By Rev. David Wilson Rogers |  September 13, 2014

            As the phone rang in his Gaza home, Ahmed had no idea how profoundly his life was about to change. Ahmed’s son had been killed by an Israeli bullet in the conflict between his beloved Palestine and Israel. Moishe, an Israeli, was calling Ahmed from Jerusalem. Although the two men had never met and stood on opposite sides of a brutal war, they held something vital in common. Fighting back his tears, Moishe shared how his son had been killed in a bombing by a Palestinian teenager. Aside from stark religious, political, and ethnic differences, these two men connected on the level of genuine empathy.
            Empathy is a characteristic often lacking in religious life and Christian witness. Yet, it is a fundamental expression of the authentic witness of Scripture. God amazingly created our minds with the incredible ability to empathize. That is how we emotionally, spiritually, even physically connect with, and feel the experiences of another person in tangible ways. It is why we may be brought to tears when exposed to somebody else’s grief, we may grimace at someone else’s pain, and burst forth into joyous laughter at someone else’s triumph.
            When God created humanity, God breathed into the lifeless clay of the earth and created life—human life. As the image-bearers of our Creator, that breath of God unites all humanity on a deeply spiritual level that transcends distinctions of race, gender, religion, language, or nationality. Empathy is our God-breathed ability to resonate with the humanity of other humans throughout time and across the distance. Empathy unites us as human beings.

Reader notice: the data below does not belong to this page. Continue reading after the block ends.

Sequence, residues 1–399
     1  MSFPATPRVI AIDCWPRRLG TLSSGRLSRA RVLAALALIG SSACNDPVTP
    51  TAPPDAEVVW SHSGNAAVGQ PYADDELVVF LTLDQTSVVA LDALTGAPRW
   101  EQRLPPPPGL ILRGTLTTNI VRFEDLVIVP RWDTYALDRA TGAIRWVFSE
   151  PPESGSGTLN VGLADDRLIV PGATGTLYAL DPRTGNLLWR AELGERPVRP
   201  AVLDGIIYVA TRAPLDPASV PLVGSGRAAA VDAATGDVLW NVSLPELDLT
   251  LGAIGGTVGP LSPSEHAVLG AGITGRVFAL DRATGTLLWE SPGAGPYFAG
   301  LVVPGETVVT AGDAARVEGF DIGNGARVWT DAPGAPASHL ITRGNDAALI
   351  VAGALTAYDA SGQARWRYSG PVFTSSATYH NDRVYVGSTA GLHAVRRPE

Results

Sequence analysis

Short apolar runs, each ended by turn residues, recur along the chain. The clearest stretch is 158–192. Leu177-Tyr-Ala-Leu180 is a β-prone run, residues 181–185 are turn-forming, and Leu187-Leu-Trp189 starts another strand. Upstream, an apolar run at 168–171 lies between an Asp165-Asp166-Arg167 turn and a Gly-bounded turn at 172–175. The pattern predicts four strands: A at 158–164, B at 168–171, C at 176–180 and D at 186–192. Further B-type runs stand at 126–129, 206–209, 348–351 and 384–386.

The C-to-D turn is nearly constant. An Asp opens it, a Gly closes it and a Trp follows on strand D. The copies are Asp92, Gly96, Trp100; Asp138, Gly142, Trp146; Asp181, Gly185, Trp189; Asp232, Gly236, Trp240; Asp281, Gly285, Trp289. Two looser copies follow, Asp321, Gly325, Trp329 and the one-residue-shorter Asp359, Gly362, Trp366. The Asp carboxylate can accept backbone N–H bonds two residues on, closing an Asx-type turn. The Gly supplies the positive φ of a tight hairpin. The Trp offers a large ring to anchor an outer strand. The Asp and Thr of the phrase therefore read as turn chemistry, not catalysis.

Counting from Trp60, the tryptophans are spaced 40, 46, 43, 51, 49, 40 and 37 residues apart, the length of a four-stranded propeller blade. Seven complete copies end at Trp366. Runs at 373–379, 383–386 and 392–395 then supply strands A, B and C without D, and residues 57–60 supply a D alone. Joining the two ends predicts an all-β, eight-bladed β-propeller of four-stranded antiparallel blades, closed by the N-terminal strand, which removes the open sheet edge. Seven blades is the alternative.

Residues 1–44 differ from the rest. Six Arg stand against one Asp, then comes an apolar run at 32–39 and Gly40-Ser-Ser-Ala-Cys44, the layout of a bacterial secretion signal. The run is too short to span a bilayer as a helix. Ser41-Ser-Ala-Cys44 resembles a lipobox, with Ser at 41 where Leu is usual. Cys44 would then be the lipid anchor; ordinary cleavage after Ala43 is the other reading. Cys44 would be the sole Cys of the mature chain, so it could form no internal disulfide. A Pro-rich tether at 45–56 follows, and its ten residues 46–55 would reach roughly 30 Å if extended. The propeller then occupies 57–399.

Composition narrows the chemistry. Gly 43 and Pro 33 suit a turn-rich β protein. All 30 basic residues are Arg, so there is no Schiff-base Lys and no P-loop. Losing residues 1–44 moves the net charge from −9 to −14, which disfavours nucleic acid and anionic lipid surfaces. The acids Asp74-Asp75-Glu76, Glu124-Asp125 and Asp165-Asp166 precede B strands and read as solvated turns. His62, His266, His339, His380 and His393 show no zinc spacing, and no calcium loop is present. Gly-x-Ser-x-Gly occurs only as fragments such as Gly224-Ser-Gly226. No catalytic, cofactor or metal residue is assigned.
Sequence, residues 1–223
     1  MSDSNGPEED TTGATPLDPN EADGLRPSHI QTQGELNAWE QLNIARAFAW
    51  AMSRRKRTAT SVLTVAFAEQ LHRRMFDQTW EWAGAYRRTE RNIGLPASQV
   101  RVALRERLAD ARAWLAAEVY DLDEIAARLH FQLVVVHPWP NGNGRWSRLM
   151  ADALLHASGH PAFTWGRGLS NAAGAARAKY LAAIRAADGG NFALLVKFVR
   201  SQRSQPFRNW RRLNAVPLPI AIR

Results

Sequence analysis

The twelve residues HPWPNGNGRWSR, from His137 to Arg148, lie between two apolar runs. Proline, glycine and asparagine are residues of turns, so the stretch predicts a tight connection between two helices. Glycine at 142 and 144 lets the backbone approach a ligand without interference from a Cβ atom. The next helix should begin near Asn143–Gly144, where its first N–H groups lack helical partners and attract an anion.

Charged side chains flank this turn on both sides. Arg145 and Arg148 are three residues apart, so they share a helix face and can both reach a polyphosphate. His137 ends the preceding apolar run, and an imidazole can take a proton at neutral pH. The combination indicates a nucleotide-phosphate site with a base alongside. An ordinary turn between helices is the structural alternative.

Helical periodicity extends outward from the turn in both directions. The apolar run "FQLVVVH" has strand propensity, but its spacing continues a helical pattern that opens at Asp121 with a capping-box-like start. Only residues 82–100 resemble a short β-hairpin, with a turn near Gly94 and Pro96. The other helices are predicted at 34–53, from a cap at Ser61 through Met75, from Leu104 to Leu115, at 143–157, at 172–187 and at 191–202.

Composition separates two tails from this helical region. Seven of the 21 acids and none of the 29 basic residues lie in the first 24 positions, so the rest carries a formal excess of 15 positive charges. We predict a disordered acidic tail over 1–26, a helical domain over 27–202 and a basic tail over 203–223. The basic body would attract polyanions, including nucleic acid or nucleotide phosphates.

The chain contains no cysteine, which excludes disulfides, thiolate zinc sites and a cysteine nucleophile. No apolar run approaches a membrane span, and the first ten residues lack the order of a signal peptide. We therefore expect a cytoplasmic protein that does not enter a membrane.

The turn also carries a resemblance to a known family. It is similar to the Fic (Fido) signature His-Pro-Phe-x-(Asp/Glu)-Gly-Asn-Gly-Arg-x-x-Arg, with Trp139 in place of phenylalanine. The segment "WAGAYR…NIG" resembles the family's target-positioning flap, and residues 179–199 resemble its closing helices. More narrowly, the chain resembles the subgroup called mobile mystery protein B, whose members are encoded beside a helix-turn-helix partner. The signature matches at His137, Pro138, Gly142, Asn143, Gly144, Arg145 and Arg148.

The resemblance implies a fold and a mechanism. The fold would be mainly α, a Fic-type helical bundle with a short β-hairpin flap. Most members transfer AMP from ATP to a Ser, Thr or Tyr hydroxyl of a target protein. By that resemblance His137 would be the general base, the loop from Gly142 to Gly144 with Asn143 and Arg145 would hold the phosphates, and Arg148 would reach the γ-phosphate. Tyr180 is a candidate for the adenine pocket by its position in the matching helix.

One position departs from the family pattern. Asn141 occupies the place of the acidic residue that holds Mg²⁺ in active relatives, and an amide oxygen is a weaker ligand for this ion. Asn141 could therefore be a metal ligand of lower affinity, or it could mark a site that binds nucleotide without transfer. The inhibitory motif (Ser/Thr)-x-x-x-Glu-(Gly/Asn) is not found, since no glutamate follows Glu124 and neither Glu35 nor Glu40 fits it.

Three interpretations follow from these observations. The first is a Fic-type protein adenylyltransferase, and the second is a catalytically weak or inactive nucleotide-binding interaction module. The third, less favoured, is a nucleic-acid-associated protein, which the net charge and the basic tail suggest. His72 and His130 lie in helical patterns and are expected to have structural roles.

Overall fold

Consider the behaviors, attitudes and expressions that most people label as evil. The brutal reality of murder, exploitation, abuse, slavery, racism, hatred, and inequality are easily justified when whole classes of people, or specific individuals, are reduced to less-than-human status. This is called dehumanization and it lies at the heart all evil. Dehumanization is the essential means by which we can justify treating people as things, exploit others for our personal gain, or kill people by personal choice. Yet, in order for dehumanization to take place, the spirit of empathy breathed into us by God, must be suppressed. It is impossible to harm one with whom we have empathy.
            Religion, even when well-intended, often negligently promotes the very evil it presumes to denounce simply because it seeks to divide and judge, rather than seek the empathy of our shared humanity. When we label someone as evil, reduce them to a status of being worthless due to sin or disgrace, relegate them to being lost because of their religious (or lack of religious) beliefs, or degrade them as less than deserving of God’s love, religion is turning off that God-breathed spirit of empathy.
            Empathy transcends the conflicts that leave us always so bitterly divided. It seeks understanding over conquest. It fuels mutuality over domination. It empowers love where hatred and ambivalence rule. Empathy is the pathway by which we can love one another as Christ first loved us and love our enemies as Christ commanded us to do. It helps us pray for those who persecute us as Christ demonstrated on the cross and minister to people imprisoned, impoverished, alone, and living in fear. Without empathy, there can be no genuine Christianity.
            When Moishe and Ahmed connected as two human fathers grieving the loss of their sons in a bitter war, they were able to see past the religious and political hatred that fueled the conflict and begin a campaign of genuine peace. Followers of Jesus Christ are no different. In this bitter and fragmented world, it is time we let Christ guide our empathy rather than our harsh judgment.